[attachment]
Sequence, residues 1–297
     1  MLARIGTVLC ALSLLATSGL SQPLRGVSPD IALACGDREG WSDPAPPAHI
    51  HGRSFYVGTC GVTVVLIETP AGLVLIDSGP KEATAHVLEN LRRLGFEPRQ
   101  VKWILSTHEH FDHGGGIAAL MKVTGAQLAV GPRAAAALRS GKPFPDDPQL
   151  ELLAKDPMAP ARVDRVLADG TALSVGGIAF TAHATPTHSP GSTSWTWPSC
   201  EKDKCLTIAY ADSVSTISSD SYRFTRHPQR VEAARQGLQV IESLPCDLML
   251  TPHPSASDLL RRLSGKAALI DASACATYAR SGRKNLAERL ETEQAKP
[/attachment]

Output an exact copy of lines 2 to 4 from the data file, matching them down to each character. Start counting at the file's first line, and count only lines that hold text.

     1  MLARIGTVLC ALSLLATSGL SQPLRGVSPD IALACGDREG WSDPAPPAHI
    51  HGRSFYVGTC GVTVVLIETP AGLVLIDSGP KEATAHVLEN LRRLGFEPRQ
   101  VKWILSTHEH FDHGGGIAAL MKVTGAQLAV GPRAAAALRS GKPFPDDPQL